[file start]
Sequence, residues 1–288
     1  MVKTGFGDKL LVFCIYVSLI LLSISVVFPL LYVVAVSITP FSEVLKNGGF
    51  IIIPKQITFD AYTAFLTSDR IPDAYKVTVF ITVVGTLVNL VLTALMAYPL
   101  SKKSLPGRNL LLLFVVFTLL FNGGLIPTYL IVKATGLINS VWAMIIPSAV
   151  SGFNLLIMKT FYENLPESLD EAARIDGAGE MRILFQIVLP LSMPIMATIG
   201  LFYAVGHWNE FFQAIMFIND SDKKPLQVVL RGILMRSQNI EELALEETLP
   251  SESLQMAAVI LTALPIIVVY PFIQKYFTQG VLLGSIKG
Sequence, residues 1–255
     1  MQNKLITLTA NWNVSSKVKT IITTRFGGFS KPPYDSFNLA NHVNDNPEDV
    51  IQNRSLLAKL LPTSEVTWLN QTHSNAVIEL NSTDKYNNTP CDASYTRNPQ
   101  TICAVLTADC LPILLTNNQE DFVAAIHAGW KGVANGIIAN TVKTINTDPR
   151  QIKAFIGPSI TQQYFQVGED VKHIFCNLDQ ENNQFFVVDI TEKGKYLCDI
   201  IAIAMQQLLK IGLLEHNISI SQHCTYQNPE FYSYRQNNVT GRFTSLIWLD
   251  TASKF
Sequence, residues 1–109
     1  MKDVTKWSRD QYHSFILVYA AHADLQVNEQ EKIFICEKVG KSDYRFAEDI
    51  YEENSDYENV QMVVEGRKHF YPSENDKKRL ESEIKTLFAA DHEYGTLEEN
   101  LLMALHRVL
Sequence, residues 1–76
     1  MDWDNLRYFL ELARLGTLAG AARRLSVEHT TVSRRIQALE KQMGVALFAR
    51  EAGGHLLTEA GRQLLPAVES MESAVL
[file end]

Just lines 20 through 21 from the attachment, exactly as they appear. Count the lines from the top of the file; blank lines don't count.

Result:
     1  MDWDNLRYFL ELARLGTLAG AARRLSVEHT TVSRRIQALE KQMGVALFAR
    51  EAGGHLLTEA GRQLLPAVES MESAVL